Brussels, 13 March 2020
Medicines for Europe members supply 67% of prescription medicines in Europe. Our companies are the largest suppliers of critical medicines needed to tackle the COVID-19 pandemic. Our members have 300 production sites across Europe working at full capacity manufacturing finished products and Active Pharmaceutical Ingredients (API).
To date, our members are responding to the challenges posed by the COVID-19 outbreak in Europe. As the situation evolves, our members must be in a position to continue supplying essential medicines to help healthcare systems and patients fight the virus. The following statement will outline the necessary steps for us to be able to continue to do so.
We need and urge political and institutional leadership and support. This crisis cannot hinge on national protectionism which could block the circulation of essential medicines.
We call for maximum, pan-European collaboration and coordination to succeed and limit the pandemic. European institutional leadership is fundamental, so Member States are clear on the need for the supply of medicines across Europe. EU leadership will enable our industry to manage this crisis to ensure our factories can maintain or expand supply for the patients that we serve.
We have 3 key requests
1) Immediate & urgent actions to be implemented EU wide to ensure supply of medicines in Europe
1. Keep all available pharmaceutical manufacturing in Europe open and running at all times, without exception. If a region is struck by an outbreak, we must keep medicine factories open with additional hygiene/control measures. Any stoppage creates a risk in the supply chain and heightens the risk of medicines shortages. We also need access to essential equipment like protective clothing or filters. We need solutions for employees to keep working if schools close or if there are restrictions on the movement of people.
2. Avoid export restrictions on manufacturers of medicines or active ingredients. In addition, where there are local stockpiling obligations (linked to export restrictions), these must be reasonable and clear (how much exactly, who holds the stock, do they have the space to hold the stock, etc.). There must be solidarity toward countries hardest hit by the outbreak. Hoarding of supplies should be strongly discouraged.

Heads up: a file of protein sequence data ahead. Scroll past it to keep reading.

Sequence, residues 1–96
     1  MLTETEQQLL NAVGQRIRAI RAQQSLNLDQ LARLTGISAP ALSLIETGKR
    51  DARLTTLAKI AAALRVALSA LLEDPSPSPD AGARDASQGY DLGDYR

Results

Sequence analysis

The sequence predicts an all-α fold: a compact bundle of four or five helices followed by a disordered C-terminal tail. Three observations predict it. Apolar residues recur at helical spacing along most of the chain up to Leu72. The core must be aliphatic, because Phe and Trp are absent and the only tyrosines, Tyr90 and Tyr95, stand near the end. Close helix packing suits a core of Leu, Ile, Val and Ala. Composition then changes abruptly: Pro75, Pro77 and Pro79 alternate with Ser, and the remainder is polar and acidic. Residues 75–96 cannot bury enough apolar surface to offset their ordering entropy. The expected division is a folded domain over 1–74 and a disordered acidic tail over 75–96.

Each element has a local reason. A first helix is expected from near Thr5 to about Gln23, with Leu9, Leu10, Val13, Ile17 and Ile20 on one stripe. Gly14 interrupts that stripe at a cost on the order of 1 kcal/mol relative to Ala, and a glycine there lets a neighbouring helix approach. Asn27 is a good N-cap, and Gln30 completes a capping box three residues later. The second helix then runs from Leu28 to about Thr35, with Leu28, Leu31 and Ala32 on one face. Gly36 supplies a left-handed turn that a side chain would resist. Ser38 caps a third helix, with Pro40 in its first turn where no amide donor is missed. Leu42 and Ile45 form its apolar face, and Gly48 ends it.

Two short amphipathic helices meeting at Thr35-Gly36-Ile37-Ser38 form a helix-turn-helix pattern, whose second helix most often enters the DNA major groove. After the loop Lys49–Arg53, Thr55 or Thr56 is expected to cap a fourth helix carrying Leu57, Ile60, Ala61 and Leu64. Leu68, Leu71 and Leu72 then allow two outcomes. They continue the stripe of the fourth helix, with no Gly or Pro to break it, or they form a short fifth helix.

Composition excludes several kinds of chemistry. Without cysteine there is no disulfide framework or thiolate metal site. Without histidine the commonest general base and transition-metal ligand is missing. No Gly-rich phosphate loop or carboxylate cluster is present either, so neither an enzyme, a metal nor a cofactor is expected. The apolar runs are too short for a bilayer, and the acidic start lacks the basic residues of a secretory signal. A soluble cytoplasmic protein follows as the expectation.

3. Create transport green lanes for the flow of medicines and their ingredients across national borders as soon as possible. The same is relevant for air transport between EU-US.
2) We need to be ready for continued stress on global supply chains by adopting clear regulatory guidance
1. Production and logistics problems continue to stress the global supply chain and recent challenges in Europe are added to the challenges.
2. Medicines for Europe has outlined the measures that could be taken to deal with any specific constraints and to keep manufacturing going at full speed.
3) Scenario planning
Our members are analysing the scenarios of the possible future spread of the virus to plan for possible future surges in demand. We will work to continue supplying chronic disease medicines while also planning for additional emergency medicines production or importation.
European coordination is key to ensure patients have access to the medicines they need. The situation is evolving quickly and we need to keep the channel of communication open.
Medicines for Europe welcomes the European Commission decision to establish a collaborative platform to be set up to review on a weekly basis the development of the epidemic and address together the roadblocks ahead.
In a public health pandemic, all health care actors need to act prudently and rationally. Applying logic is fundamental. We cannot overcome this outbreak without pragmatic solutions and pan-European cooperation to ensure people in need can access medicines.
We will continue to update this statement as the situation evolves.